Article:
Friday morning's GDP data reveal that growth in the second quarter was a little slower than we thought -- revised down to 1% from 1.3%. With 0.4% in the first quarter, that means growth in the first half of the year amounts to about 0.7%. Recall that it takes growth at trend -- about 2.5%-to just keep unemployment from rising, and you will understand my incessant clamoring for someone to do something. Like FAST!, for example.
There's another reason for the urgency. You can also see in these data the resurgence of income and wealth inequality. There's quite a lag to the inequality data, so no one knows what the trends in income or wealth disparities look like post-2008, e.g. What with high unemployment and weak middle-class earnings, along with solid corporate profits, one assumes that after taking a hit in the downturn, wealth accumulation is "back on track" as it were. That's certainly been the pattern of the last two recessions/recoveries.
Today's data provides some evidence in support of that expectation. The first figure below shows the recent trends, up through last quarter, in corporate profits and workers' compensation as a share of GDP.
As you can see, corporate profits have not only recovered their post-recession highs, they've surpassed it. And compensation as a share of the economy is far lower. You can also compare how different these patterns look compared to last recession in 2001, when the income shifts were not nearly so sharp.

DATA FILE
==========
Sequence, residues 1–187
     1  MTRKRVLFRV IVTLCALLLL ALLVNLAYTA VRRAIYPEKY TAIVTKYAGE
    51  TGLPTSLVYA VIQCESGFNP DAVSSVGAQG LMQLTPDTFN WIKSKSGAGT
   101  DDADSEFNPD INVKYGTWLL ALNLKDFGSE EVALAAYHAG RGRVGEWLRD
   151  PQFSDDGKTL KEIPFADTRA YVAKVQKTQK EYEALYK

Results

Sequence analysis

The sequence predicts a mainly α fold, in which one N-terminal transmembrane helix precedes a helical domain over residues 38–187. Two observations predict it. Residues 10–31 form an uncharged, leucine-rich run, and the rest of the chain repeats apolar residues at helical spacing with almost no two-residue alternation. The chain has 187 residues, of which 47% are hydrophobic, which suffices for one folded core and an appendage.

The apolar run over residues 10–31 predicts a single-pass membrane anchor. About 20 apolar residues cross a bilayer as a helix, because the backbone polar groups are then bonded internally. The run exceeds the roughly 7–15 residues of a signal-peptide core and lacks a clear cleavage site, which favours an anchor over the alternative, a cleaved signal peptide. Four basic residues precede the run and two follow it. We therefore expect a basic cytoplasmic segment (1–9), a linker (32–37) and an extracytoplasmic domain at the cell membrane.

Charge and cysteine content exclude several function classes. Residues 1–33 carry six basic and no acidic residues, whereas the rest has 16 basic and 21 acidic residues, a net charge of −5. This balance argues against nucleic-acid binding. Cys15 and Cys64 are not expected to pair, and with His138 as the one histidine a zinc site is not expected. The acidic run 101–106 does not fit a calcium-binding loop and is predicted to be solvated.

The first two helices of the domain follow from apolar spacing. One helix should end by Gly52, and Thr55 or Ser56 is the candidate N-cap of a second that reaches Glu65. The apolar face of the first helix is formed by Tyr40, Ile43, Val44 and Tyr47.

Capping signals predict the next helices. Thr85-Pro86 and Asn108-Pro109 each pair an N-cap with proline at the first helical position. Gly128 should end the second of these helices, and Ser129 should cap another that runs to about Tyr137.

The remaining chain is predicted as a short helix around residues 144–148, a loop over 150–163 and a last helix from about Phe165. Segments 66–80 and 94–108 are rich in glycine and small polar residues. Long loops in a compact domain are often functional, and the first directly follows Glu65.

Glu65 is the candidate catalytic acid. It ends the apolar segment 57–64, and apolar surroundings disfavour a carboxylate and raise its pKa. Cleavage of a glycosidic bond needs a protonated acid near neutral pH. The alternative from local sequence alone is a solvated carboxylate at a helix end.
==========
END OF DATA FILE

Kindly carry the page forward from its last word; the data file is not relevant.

It's truly a picture of two very different economies, one for those who depend on their paychecks and one for those who depend on their portfolios. And yes, there's an intersection of those two groups -- corporate profits do not solely enrich the haves -- but that's more of nuance.
The key point remains that even at less than one percent growth, stagnant real wages, and a sharp decline in the compensation share, corporate profits have more than recovered. Clearly, these corporations are selling into emerging markets, tapping productivity gains without hiring, and trading financial instruments. Nothing inherently wrong with that, unless it's the only thing that going right in this economy. Which it kinda is.
A few weeks ago I discussed the deeply corrosive impact of such extreme wealth concentration, as it shuts down new ideas that can correct this destructive trend. And just last night, I worried that we're losing our ability to self-correct.
The image of the above figure should be viewed as a big, scary dragon of sorts, as in the next figure. And we must stop its flight before it devours what's great about America.
This post originally appeared at Jared Bernstein's On The Economy blog.
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